Does whether you have a medical, doctor of philosophy (PhD) or juris doctor (JD) degree, play a role in your risk for professional burnout? It does.
Medicine is a demanding profession that requires a long, grueling training process. However, professional- or doctoral-level degrees in a field outside of medicine, such as a JD or PhD, do too. Even though physicians and individuals with a JD or PhD complete a similar lengthy training process, doctors remain at a higher risk for developing burnout.
Since 2011, researchers from the AMA, Mayo Clinic and Stanford University School of Medicine have conducted a series of studies evaluating the prevalence of burnout among physicians and U.S. workers. These studies have consistently found that physicians are at a higher risk for burnout than workers in other fields, according to a research letter published in Mayo Clinical Proceedings.
“Burnout among physicians is higher than burnout among other professionals who have also invested many additional years in their training,” said AMA Vice President of Professional Satisfaction Christine Sinsky, MD, a general internist and a co-author of the letter.
“In fact, having higher levels of training protects against burnout in professions outside of medicine, whereas it does not in medicine,” she added.
The research letter cites data from the study, “Changes in Burnout and Satisfaction with Work-Life Integration in Physicians and the General US Working Population between 2011-2017,” also published in Mayo Clinical Proceedings. In the study, among the more than 5,000 employed U.S. workers, 285 (5 percent) had a professional- or doctoral-level degree in a field outside of medicine.
Authors of the letter found that physicians worked more hours per week, were less satisfied with work-life integration (WLI) and were more likely to experience symptoms of professional burnout. The higher the rates of burnout and decreased satisfaction with WLI in physicians persisted even after adjusting for age, sex, relationship status and hours worked per week.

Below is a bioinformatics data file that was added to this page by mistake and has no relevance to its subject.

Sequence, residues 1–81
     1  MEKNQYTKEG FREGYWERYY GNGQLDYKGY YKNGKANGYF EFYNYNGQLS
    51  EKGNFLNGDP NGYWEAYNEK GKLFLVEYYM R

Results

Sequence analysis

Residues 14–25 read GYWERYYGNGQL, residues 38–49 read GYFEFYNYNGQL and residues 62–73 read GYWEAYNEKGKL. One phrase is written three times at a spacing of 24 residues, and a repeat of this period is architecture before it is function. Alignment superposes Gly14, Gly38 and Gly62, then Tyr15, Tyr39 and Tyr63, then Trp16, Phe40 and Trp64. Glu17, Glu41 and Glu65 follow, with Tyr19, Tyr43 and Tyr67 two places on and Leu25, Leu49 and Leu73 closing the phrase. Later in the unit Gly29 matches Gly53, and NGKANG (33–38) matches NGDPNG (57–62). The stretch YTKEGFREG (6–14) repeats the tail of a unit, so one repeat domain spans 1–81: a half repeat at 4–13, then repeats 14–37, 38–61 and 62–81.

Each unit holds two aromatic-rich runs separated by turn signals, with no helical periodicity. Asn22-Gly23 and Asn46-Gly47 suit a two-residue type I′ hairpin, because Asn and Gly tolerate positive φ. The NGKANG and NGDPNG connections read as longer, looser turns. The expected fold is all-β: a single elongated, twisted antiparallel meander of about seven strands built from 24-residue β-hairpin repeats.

“This comparison also controlled for the number of hours worked, so we can’t conclude that physicians are more burned out than other similarly trained professionals because they work more, but there is something about the nature of the work that is contributing,” said Dr. Sinsky. “It is my observation that it is the administrative burdens, rather than the management of complex or sick patients that is driving that burnout.”
“There is a shared responsibility among many organizations that impact physicians’ work lives to consider how decisions within their realm impact the do-ability of the work and the well-being of the physician workforce,” she added.
Committed to making physician burnout a thing of the past, the AMA has studied, and is currently addressing issues causing and fueling physician burnout—including time constraints, technology and regulations—to better understand and reduce the challenges physicians face. By focusing on factors causing burnout at the system-level, the AMA assesses an organization’s well-being and offers guidance and targeted solutions to support physician well-being and satisfaction.
The AMA Ed Hub™—your center for personalized learning from sources you trust—offers CME on professional well-being using the STEPS Forward™ open-access platform that offers innovative strategies that allow physicians and their staff to thrive in the new health care environment. These toolkits can help you prevent physician burnout, create the organizational foundation for joy in medicine, create a strong team culture and improve practice efficiency. Learn more about the AMA’s Practice Transformation efforts.